The Badger Project

Eight Checks The State Uses to Prevent Voter Fraud

Such fraud is very rare, yet Wisconsin still takes many steps to prevent it.

By , The Badger Project - Oct 23rd, 2022 09:28 am
Vote here sign outside a Milwaukee polling place. Photo by Jeramey Jannene.

Vote here sign outside a Milwaukee polling place. Photo by Jeramey Jannene.

Even though voter fraud is rare, in Wisconsin and nationally, many checks exist to prevent and catch it here, whether it be accidental or intentional.

In the 2020 election, approximately 0.003% of the nearly 3.3 million ballots cast in Wisconsin were submitted illegally by felons not yet eligible to vote because they hadn’t completed their full sentences, according to the Associated Press. That’s the most common type of prohibited voting in Wisconsin, experts say. That number is also about the same amount of illegal votes cast by felons in the 2016 election, the AP noted. Former President Donald Trump won that election by about 23,000 votes.

In the wake of the 2020 election in Wisconsin, voter fraud charges have been filed against at least 24 people in 12 different counties, according to the AP. Of those, 16 were allegedly felons not yet eligible to vote. President Joe Biden won the state in the 2020 election by about 21,000 votes.

Because Wisconsin runs its elections at the municipal level, rather than county or state, it has one of the most decentralized election administration systems in the nation, according to the Wisconsin Elections Commission. The state has about 1,850 municipalities.

The Badger Project talked to Wisconsin Elections Commission spokesman Riley Vetterkind, as well as Barry Burden, a political science professor and director of the Elections Research Center at UW-Madison, about the checks in place to deter and catch voter fraud in the state.

1. All voters are required to register

Residents may register to vote online at, by mail, at their municipal clerk’s office, or at their polling place on Election Day. Only voters with a valid Wisconsin driver’s license or state ID card can register online. To prove residency when registering by mail, at their municipal clerk’s office, or at the polls on Election Day, voters must bring an official document, like a bank statement or a state ID, that has their current address.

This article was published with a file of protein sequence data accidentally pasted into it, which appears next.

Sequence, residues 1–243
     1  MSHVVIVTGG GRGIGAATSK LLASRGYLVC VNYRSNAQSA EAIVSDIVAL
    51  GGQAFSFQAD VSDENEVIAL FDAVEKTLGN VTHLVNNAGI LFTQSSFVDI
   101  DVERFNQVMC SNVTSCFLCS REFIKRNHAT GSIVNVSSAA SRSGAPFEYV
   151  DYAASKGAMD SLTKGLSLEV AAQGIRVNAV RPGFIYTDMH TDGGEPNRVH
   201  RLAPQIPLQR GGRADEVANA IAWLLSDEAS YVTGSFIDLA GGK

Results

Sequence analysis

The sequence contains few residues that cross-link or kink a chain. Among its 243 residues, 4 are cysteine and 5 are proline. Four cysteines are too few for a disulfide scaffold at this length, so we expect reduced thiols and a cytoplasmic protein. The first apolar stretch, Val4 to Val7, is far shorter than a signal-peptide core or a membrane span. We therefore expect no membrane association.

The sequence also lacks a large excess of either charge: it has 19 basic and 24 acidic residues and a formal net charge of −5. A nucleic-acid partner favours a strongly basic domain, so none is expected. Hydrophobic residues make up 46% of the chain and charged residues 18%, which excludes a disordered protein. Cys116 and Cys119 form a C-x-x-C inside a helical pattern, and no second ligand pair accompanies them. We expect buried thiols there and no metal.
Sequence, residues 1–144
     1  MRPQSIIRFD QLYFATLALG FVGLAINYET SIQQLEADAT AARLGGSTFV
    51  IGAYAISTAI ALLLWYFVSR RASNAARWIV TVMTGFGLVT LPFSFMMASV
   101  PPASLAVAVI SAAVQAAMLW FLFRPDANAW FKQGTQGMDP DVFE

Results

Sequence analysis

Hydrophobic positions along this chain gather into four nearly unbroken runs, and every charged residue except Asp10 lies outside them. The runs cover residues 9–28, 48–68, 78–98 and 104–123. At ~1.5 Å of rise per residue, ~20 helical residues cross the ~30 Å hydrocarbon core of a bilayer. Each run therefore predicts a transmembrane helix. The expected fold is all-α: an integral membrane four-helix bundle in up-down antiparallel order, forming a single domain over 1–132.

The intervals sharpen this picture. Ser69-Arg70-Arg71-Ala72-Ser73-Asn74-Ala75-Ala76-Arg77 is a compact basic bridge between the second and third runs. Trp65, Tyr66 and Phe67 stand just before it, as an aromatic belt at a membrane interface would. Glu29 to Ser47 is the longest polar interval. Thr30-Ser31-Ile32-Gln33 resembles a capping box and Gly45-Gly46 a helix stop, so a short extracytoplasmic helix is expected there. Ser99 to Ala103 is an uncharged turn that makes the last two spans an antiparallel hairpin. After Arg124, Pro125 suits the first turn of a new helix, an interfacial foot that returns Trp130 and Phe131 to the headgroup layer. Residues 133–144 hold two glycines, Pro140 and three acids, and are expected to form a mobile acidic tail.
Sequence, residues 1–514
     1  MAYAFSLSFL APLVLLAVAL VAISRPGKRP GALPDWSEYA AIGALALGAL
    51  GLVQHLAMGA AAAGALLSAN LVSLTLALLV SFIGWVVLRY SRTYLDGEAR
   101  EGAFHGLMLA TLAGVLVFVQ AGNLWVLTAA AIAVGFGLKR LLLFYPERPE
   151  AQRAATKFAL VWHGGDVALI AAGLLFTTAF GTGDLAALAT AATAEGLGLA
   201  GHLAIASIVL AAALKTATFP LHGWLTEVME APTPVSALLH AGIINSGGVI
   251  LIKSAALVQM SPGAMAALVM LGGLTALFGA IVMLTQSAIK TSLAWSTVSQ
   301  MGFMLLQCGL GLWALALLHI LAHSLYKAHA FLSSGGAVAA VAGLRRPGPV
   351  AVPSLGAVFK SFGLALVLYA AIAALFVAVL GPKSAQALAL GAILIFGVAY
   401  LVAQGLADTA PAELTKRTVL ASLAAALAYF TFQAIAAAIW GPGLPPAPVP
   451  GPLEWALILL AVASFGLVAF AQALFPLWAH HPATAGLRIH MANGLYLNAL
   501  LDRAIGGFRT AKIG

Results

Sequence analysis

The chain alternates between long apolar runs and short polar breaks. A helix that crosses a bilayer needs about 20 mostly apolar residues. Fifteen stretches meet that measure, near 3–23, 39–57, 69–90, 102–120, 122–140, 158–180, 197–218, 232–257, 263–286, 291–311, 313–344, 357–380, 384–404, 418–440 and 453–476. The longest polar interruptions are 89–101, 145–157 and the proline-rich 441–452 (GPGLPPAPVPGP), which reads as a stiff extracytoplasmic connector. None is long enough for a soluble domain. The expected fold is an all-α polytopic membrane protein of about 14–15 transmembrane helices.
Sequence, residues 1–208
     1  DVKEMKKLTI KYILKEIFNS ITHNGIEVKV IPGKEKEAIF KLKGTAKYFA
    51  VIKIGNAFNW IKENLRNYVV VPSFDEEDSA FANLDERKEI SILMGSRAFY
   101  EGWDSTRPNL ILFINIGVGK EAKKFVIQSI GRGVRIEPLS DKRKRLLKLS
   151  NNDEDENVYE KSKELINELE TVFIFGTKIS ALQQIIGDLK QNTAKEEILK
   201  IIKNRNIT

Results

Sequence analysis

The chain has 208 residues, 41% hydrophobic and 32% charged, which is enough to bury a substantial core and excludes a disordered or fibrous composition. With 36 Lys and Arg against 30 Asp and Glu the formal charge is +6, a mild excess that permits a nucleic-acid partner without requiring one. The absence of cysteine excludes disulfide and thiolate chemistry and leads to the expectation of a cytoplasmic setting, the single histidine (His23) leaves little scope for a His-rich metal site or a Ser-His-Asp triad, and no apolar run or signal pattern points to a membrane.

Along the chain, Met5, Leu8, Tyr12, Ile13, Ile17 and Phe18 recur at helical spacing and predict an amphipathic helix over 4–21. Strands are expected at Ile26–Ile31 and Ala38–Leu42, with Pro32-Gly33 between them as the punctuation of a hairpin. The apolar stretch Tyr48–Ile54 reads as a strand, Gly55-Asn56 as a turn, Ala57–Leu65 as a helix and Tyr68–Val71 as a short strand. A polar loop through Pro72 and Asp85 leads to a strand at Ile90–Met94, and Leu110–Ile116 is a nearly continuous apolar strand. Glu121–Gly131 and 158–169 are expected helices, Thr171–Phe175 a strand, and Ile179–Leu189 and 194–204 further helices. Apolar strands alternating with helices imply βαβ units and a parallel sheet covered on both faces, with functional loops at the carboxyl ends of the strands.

2. Photo ID is required to vote by mail, and absentee ballots require a witness

Voters who request an absentee ballot must be registered to vote. If you request a ballot online at, most voters will need to upload a copy of their photo ID if they haven’t done it previously, Vetterkind said.

Wisconsin also requires the filling out of absentee ballots be witnessed and signed by another person.

“It is not clear that this requirement is effective in inhibiting absentee ballot fraud, but it is an extra step that must be taken to cast an absentee ballot,” Burden said.

The state has online tools that let voters and election officials track ballots as they “wind their way through the system,” Burden said. “These tools are quite helpful for providing transparency and as a check on potential crimes such as theft of absentee ballots from mailboxes.”

3. Felons can’t legally vote until completing their entire sentence… Probation too

Safeguards are in place to prevent the most common form of prohibited voting — when a resident who is ineligible to vote due to a felony conviction attempts to cast a ballot. The Wisconsin Department of Corrections is required by law to provide the commission with an updated list of people convicted of felonies on a continuous basis, as well as those who have completed their entire sentence and are eligible to vote again, Vetterkind said.

If a person who hasn’t completed their full felony sentence tried to register to vote on Election Day, they would most likely get flagged by an election worker. It’s not a foolproof system; sometimes individuals slip through, Vetterkind said. But those cases are usually discovered during a post-election audit which is mandated by state law.

This type of illegal voting usually isn’t intentional, Burden said.